Returning to the city, I met up with AM and a friend of his for some pastry with cheese, ham, and bacon, and some beers. We discussed life in modern Athens and the strife that the Greeks are experiencing. AM mentioned that his father’s pension was cut by almost 700Euros (if I’m remembering correctly) and that the taxes have increased in the city on necessities such as public transportation and housing such that it is very difficult to live. I am not the most politically minded person, and lord knows I don’t do the best job reading the news, so his explanations made this all a lot more understandable to me.

I spent my last day in Athens marveling at the pieces in the Archaeological Museum. Highlight of the Archaeology museum was seeing a sculpture of Aphrodite being leered at by Pan; she is defending herself from his advances by smacking him with her sandal. Brilliant! Aphrodite, you sure know how to get your point across.

Aphrodite beating Pan with a sandal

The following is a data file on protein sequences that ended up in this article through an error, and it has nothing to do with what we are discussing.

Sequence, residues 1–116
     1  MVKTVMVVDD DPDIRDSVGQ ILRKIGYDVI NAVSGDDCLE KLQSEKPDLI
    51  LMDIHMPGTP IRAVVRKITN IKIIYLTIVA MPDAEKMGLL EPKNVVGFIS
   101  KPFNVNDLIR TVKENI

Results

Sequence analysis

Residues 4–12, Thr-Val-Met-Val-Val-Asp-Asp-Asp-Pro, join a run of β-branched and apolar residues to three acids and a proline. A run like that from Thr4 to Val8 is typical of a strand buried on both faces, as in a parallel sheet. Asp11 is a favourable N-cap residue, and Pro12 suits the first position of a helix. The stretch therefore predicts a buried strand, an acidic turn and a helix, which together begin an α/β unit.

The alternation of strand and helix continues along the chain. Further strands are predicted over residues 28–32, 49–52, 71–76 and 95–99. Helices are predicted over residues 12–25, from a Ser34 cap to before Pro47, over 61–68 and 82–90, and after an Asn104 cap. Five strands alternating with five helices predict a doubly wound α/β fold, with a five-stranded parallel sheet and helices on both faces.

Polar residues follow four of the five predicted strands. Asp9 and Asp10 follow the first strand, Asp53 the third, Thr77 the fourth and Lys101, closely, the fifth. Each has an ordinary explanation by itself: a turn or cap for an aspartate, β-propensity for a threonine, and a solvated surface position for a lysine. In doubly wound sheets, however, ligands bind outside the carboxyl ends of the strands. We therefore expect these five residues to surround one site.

My last stop before the airport in Athens was just a walk around the Exarhia District. When I was there on Saturday night, I saw a bunch of murals and street art and wanted to see the area in the daylight. Many pieces were obviously politically motivated with images of gas masks, tags reading “Athens Burns”, and ideals of revolution.  I saw commentary on the tourism industry and generic pieces about police.  As I wandered, I started feeling a slight burn in the back of my throat and realized it was the reminisce of tear gas.  This neighborhood is frequently gassed, and the people who live here have to live with this. I assume the gas smell I experienced on this day (Tuesday) is different from the gas exposure from the last time I was in this district (Saturday). It would be difficult to be living in this area and not feel that the state wasn’t against you. I was only walking around for an hour or so and both times I was in this area of the city I had the same experience. If I lived here, I would be angry too.  Greece is known as the foundation of democracy…how sad would the great philosophers be to see how corrupted their ideals have become?